In continuation of examination of the arduino’s inputs and outputs I’ve decided to pick a musical instrument to focus on in this weeks assignment.
The Xylophone is a musical instrument that I thought would be a good Idea to visualize – It already has a good feedback to it, its a percussion instrument!
The first step was to visualize the idea on pen and paper, sketching some ideas.
After getting a rough shape of the interactivity, I started modeling the first module on a CAD program – a wooden stripe inlaid with LED for each note.
I started fabricating the stripe from wood, drilled and wired all the LED in their place.
I used Piezo microphones attached to each note to allow an analog input to the arduino, processing and sending signals to the LED’s.
I had some trial and error connecting the mic to the metal notes. In the beginning, i used blue tape to attach the parts, which wasn’t a good decision. the tape muted most of the sound of the note. I then used another tape which was better but the second one was conductive and short circuited the piezo mic. At last, I used two sided tape to attach the mics, the sound is better, yet not 100%, but its the best solution between the three, and the most elegant one.
I labled every input and output and connected each module to the arduino VIA a dedicated breadboard.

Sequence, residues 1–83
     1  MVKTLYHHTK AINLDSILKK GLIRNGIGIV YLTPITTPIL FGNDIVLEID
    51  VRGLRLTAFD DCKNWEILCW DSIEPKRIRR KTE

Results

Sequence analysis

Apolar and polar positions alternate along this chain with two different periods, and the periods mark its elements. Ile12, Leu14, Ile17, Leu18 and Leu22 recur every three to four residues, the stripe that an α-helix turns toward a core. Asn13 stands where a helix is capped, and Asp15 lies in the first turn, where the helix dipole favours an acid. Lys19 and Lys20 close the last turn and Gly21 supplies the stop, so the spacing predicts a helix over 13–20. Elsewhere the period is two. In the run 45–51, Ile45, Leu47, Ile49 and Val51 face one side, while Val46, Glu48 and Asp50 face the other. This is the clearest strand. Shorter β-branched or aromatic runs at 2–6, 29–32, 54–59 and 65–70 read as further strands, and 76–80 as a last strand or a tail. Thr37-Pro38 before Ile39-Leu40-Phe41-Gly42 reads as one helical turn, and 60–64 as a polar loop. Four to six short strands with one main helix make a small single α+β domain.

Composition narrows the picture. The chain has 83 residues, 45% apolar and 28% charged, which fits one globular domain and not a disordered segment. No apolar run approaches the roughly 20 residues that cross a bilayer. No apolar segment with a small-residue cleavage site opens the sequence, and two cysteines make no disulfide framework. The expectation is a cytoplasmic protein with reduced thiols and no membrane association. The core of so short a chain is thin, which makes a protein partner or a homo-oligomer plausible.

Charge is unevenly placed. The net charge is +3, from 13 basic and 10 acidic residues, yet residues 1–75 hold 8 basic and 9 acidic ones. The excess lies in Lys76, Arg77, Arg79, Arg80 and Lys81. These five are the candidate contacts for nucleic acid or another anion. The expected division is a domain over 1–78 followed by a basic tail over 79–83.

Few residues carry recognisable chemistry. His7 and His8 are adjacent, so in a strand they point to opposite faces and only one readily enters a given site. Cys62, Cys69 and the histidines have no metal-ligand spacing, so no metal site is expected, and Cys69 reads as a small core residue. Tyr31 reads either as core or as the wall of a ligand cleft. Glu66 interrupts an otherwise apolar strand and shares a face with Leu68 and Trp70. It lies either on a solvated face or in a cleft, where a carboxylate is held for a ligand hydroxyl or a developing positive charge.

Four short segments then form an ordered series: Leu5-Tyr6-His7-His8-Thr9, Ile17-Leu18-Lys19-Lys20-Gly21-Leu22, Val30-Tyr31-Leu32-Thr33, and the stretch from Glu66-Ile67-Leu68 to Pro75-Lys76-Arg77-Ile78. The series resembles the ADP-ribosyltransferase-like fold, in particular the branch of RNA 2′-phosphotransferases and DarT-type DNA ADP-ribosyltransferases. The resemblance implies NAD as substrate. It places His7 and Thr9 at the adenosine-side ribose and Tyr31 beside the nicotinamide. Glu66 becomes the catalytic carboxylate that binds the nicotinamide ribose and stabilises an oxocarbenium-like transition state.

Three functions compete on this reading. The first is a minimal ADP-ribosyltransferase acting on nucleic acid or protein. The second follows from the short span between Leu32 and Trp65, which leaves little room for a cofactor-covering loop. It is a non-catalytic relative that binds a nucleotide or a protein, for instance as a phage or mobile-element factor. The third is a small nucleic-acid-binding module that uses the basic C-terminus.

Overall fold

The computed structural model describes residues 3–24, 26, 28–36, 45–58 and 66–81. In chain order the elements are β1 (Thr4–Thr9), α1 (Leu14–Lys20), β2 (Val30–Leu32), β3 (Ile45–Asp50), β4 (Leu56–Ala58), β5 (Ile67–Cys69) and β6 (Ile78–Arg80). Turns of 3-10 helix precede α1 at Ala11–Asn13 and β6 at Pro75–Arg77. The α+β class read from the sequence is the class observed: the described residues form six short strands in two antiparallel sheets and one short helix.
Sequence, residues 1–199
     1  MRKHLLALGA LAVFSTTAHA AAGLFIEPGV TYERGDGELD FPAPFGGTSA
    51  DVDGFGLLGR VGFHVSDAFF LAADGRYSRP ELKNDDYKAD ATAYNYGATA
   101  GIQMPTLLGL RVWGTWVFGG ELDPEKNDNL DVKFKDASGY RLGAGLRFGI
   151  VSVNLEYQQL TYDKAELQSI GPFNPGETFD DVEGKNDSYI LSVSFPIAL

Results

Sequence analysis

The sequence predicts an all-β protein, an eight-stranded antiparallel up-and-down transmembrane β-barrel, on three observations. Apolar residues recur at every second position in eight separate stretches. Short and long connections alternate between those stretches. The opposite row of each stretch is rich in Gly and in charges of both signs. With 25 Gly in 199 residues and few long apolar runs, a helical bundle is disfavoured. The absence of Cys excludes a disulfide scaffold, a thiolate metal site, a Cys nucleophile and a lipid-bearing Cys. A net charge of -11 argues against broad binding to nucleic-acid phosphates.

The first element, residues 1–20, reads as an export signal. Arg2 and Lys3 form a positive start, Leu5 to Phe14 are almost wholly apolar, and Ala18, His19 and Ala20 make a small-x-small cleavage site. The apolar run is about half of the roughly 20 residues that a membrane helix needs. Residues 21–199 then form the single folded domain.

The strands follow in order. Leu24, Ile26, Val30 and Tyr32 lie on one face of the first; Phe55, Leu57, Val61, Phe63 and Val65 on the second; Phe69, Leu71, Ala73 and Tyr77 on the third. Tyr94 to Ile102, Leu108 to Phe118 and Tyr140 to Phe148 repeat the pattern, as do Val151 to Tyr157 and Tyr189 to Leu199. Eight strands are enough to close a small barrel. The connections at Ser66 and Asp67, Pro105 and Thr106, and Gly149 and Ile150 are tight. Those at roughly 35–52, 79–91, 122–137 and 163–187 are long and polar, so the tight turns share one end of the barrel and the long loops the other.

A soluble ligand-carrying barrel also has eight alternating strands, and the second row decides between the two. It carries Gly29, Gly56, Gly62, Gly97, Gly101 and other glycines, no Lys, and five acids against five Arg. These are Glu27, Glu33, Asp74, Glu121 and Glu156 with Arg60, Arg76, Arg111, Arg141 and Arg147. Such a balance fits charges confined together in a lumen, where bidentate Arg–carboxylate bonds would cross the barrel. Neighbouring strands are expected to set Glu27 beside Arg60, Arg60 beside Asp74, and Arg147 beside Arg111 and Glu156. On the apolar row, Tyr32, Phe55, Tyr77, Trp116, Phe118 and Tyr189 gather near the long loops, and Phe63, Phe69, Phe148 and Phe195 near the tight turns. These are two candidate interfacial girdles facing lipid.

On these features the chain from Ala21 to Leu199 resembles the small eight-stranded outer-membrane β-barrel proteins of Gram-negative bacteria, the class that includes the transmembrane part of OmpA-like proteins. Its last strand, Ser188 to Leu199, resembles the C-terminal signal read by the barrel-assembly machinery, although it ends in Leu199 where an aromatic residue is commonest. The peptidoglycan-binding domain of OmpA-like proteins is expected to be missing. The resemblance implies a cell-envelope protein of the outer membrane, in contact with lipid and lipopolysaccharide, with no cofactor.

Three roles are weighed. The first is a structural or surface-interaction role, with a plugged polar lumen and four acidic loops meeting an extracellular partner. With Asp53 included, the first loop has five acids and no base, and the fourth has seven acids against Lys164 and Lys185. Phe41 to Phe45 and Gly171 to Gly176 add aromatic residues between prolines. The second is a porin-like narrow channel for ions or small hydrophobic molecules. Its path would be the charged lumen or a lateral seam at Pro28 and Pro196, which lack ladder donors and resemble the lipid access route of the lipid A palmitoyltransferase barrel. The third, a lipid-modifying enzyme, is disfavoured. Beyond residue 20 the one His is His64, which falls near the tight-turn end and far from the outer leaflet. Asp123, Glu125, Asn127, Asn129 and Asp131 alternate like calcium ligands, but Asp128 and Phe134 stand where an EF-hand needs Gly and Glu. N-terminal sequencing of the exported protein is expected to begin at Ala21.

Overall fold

Luigi Russolo was part of the futurist movement that saw the beauty in the modern city and found amaze- ment in technology. In his manifesto, ‘the art of noise’, Luigi Russolo describes the breaking of the 12 tonal music structure that was the common until after the industrial revolution. He describes the modern orchestra (of his time in 1913) twenty ridiculous men slaving to increase the plaintive meeowing of violins, he contin- ues and describes the orchestra’s sounds as pitiful. Russolo wanted to introduce noise as a valid sound in the modern orchestra by utilizing machines that would make these sounds, rather than to imitate sounds with conventional music instruments – to bring into the creation of music the every day life and sounds of mod- ern living. He built machines that created rumbles, roars, whistles, hisses, gurgles, screeches, and crackles. I always saw him as the rst sound artist, utilizing sound as his main sculpturing material.
Varese, an accomplished piano composer, shared the same love for ‘tech’ and noise as Russolo, he saw all music as a series of organised noises. Varese, maybe as opposed to Russolo, wanted to add to the western 12 tone system a technological/electronical layer that will liberate it from its constraints. he wanted to add new timbers to the accustomed ear and introduce di erent ‘colors’ that western music then didn’t allow – sounds that we are well accustomed to in today’s modern music(EDM, IDM, POP or ROCK for that matter). Varese saw music and sounds as colors and objects. his masterpiece, poeme electronique, that was conceived for the Phillips pavilion for the 1958 world fair was an audio visual experience that was years ahead of its time.